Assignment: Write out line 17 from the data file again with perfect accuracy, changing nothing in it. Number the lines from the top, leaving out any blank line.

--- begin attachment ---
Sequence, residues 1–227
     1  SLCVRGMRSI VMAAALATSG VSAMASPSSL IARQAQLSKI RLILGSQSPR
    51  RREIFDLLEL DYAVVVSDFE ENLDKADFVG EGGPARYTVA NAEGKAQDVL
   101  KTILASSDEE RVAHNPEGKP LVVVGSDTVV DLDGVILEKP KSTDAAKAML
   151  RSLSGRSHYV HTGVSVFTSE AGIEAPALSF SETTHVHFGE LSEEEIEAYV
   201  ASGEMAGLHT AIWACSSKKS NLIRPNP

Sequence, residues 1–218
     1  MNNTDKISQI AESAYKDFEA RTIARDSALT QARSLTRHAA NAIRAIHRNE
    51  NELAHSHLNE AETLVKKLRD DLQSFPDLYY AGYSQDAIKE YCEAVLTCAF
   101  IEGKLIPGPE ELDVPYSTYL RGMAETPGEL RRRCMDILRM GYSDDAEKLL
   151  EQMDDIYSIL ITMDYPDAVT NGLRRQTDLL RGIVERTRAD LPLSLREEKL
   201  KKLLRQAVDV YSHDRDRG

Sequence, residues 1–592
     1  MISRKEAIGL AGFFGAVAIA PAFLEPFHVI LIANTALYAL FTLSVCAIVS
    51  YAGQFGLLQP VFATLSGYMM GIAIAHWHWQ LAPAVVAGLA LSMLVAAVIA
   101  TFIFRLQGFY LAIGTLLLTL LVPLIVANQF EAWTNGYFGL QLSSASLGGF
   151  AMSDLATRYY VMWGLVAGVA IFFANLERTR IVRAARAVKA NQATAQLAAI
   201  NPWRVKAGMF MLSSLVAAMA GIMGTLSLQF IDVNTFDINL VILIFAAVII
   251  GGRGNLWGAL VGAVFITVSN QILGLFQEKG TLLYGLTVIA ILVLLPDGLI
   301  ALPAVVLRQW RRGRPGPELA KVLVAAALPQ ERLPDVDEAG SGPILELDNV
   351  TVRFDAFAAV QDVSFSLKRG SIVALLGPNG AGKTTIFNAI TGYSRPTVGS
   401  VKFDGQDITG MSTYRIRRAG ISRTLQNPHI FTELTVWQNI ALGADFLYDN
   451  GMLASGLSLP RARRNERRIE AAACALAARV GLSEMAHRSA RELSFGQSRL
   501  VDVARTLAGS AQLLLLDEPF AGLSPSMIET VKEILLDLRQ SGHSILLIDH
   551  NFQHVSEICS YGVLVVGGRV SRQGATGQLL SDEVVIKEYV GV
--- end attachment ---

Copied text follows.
   151  AMSDLATRYY VMWGLVAGVA IFFANLERTR IVRAARAVKA NQATAQLAAI